A divine comedy
Meet Earl Grey, a down-to-earth but down on his luck small-time newspaper reporter. Earl is a bit of an unreliable mess, albeit loveable, if absolutely necessary.
Much to Earl's lack of surprise, he is suddenly assigned a story far worse than his typical mundane day-to-day drudgery. Two days after the earth-shattering arrival of an alleged God in Phoenix, Arizona, in 2005, Earl is appointed as Media Liaison to this extremely ungodlike man. One who has been apparently working miracles after being found in the Arizona desert clad in Armani.
With 'God' now restricted to a hospital room, Earl suddenly finds himself with exclusive access to the Almighty. And with great access comes great demand, as our less-than-intrepid reporter quickly discovers - meeting a feast of both loveable and despicable characters - each one not entirely what they seem. But one thing's certain, they all want something from this newly arrived God and plan to go through Earl to get it. However, Earl, a lifelong atheist and skeptic, has very different plans and sets about to uncover the true identity of this unusual man before His time on earth runs out.
Thrust into global celebrity and a massive mid-life course correction, it isn't long before Earl is overwhelmed, paranoid, and plagued with crippling self-doubt. But, as usual, he'll have to sort out the whole mess for himself. Hopefully, before the world comes to an end.
NOTHING SACRED - A Divine Comedy
I Just Talked To God!
Or so it seemed. All I know is, for a few pleasurable days, I did not feel alone in the universe. Martin J. Featherston, with his new novel, Nothing Sacred: ‘A Divine Comedy,’ has created a work of literary fiction that flies in the face of the spiritual God we think we know and universal reality. In the book, he outlines the fact that linear time, as we humans experience it, is but a mere illusion, one all five-sensory humans require in order to see themselves through life, while at the same time incorporating the idea of God and the universe as a singularity, a whole within itself that is the sum total of all its parts, a single God for us all in a single wholly (or holy) integrated sphere.
Nothing Sacred: ‘A Divine Comedy’ is just that, hardly sacred in the sense of Christian doctrine, but ‘all sacred’ in its attempt to address all things belonging to or connected with God in relation to His view of the universe and current humanity; and it is extremely funny, in a profound, sometimes even cynical, way, but cynical innuendo in the sense of a loving God’s innocent view of present human thought, belief, and conduct. The book, especially during the opening chapters, made me laugh so hard I had to put it down to compose myself before continuing on. Martin J. Featherston takes the prophesy of the return of Jesus/God to a whole new level, transforming it into the return of God in the guise of an unknown man, a John Doe, discovered in the Arizona desert barely clinging to life, then takes the reader on a mystery tour of unknowns, encompassing bad guys, good guys, supposed good guys that are bad, and criminally bad guys that end up being good. When the story inadvertently leaks out that a man calling himself God––a near-death patient in a top Phoenix, Arizona hospital––is healing other patients with only the power of his special touch, word quickly spreads, involving publicity-seeking doctors and hospital administrators, the frenzy of the media, the Vatican, and one mysterious man hell-bent on doing away with the man calling himself God. The story smoothly leaps back and forth through time, from present day to 12,042 BCE and an early Homo sapien named Nog, a magical time of infantile universal awareness and the onset of human enlightenment. The main protagonist, outside of God that is, a low-ranking newspaper reporter from Toronto named Earl Grey, like the tea, is selected through a lottery process to be the only individual allowed to interview and report on the hospital’s elite patient, and ends up being a very special individual indeed to the so-called Almighty, with both men developing a deep, intimate relationship that profoundly changes the reporter’s useless life. So do we end up finding out who and what God really is? Well, I won’t ruin the surprise for the reader, but suffice it to say one comes away from the story feeling satisfied with the answers provided.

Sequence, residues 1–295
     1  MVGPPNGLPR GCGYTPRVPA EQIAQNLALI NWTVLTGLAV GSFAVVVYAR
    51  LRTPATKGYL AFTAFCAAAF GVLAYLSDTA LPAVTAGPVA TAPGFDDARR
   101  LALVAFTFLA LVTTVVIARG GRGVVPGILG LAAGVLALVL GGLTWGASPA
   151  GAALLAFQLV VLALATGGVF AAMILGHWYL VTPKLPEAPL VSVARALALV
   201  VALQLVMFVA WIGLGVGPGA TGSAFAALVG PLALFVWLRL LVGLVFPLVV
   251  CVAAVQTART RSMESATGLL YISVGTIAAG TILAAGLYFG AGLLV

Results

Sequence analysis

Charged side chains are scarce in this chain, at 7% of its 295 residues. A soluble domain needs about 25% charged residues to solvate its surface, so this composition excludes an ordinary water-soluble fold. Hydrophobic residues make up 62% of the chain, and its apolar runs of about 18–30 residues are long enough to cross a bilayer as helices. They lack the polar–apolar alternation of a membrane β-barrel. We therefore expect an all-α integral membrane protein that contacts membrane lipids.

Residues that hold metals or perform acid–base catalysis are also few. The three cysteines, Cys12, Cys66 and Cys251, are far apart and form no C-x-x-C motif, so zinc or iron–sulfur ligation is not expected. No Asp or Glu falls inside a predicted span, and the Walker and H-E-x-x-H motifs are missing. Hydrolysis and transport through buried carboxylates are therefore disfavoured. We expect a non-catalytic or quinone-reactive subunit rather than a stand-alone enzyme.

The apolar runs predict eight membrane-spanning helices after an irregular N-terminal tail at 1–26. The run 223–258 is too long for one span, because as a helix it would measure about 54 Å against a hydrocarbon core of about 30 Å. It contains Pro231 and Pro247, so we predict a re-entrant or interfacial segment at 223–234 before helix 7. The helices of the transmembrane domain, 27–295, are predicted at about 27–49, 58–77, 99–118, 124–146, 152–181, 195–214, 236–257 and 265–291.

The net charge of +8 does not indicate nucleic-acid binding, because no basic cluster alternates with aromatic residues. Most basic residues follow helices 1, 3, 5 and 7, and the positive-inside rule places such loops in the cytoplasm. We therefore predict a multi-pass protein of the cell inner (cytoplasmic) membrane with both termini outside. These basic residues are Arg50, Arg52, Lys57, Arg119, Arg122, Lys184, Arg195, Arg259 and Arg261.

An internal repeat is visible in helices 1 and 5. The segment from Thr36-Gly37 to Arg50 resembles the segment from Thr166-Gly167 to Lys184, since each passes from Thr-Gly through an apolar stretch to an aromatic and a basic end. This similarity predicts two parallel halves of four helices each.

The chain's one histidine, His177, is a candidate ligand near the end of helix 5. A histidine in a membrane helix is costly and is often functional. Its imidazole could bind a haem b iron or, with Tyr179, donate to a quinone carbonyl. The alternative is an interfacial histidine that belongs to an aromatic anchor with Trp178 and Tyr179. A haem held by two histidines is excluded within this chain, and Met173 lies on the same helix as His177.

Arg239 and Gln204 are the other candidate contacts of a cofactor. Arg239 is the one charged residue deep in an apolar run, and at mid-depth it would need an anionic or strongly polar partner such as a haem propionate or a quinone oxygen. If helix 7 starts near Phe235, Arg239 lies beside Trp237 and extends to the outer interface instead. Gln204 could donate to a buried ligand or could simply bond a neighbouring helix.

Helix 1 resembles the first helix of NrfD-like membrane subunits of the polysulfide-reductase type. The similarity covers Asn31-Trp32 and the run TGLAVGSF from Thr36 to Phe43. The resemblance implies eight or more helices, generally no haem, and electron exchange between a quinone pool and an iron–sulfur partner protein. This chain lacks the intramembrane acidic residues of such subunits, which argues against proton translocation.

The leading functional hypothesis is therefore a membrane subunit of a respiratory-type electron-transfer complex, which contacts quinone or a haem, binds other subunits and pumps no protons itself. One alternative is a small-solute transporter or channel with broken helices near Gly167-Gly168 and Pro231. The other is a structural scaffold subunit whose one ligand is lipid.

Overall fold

Nothing Sacred: ‘A Divine Comedy’ is so well researched. It encompasses religion, faith, love, and science in a way that is not only understandable and plausible, but endearing to the reader, opening up one’s mind to thought processes well-beyond our segregated and divided beliefs as human beings today, all of us attempting to find the purpose and meaning to life.
Congratulations, Mr. Featherston! You are a masterful storyteller with an innate talent for writing and a universal clarity and grasp of the unknown second to none, and one storyteller who managed to capture this reader’s undivided attention. If literary ‘art’ still exists in today’s culture, Martin J. Featherston’s novel is one fine example of it. I highly recommend Nothing Sacred: ‘A Divine Comedy’ to any and all readers, no matter what their preferred genre. After all, how often does one actually get to talk to God? Five billion stars for this great read!